Bayesian Inference in Astronomy & Astrophysics A Short Course

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1 Bayesian Inference in Astronomy & Astrophysics A Short Course Tom Loredo Dept. of Astronomy, Cornell University p.1/37

2 Five Lectures Overview of Bayesian Inference From Gaussians to Periodograms Learning How To Count: Poisson Processes Miscellany: Frequentist Behavior, Experimental Design Why Try Bayesian Methods? p.2/37

3 Overview of Bayesian Inference What to do What s different about it How to do it: Tools for Bayesian calculation p.3/37

4 What To Do: The Bayesian Recipe Assess hypotheses by calculating their probabilities p(h i...) conditional on known and/or presumed information using the rules of probability theory. But... what does p(h i...) mean? p.4/37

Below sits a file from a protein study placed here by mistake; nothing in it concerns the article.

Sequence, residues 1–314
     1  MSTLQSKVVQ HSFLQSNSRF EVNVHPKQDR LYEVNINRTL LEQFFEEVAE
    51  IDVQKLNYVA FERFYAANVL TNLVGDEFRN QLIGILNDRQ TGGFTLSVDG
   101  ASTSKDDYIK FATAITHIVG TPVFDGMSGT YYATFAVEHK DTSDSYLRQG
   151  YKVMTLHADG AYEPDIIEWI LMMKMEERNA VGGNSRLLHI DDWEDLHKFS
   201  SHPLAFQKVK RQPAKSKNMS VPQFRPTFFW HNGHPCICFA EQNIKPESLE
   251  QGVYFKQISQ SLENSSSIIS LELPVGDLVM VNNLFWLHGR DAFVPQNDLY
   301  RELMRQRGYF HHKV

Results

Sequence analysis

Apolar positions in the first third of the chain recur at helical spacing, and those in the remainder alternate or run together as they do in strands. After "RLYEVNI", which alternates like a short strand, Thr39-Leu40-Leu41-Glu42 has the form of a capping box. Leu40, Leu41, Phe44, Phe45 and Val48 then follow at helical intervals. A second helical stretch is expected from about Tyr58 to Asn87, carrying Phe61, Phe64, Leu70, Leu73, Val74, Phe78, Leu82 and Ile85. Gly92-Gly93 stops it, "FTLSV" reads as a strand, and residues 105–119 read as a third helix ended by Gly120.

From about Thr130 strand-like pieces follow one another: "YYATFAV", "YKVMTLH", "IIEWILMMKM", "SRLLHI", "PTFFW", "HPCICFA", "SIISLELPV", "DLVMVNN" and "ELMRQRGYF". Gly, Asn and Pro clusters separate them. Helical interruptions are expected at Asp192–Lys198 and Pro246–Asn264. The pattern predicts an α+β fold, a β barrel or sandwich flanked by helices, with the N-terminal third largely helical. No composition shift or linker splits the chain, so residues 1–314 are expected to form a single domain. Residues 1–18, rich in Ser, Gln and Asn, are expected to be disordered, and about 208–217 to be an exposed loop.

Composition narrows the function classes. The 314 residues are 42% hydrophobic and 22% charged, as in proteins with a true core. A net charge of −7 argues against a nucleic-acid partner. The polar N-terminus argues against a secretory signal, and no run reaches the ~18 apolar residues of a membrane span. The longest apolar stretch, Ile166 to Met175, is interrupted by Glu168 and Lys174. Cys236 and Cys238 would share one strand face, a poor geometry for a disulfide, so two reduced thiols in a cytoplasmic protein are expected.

5 What is distributed in p(x)? Frequentist: Probability describes randomness Venn, Boole, Fisher, Neymann, Pearson... x is a random variable if it takes different values throughout an infinite (imaginary?) ensemble of identical sytems/experiments. p(x) describes how x is distributed throughout the ensemble. P x is distributed Probability frequency (pdf histogram). x p.5/37

6 Bayesian: Probability describes uncertainty Bernoulli, Laplace, Bayes, Gauss... p(x) describes how probability (plausibility) is distributed among the possible choices for x in the case at hand. Analog: a mass density, ρ(x) P p is distributed x has a single, uncertain value Relationships between probability and frequency were demonstrated mathematically (large number theorems, Bayes s theorem). x p.6/37

7 Interpreting Abstract Probabilities Symmetry/Invariance/Counting Resolve possibilities into equally plausible microstates using symmetries Count microstates in each possibility Frequency from probability Bernoulli s laws of large numbers: In repeated trials, given P (success), predict Nsuccess N total P as N p.7/37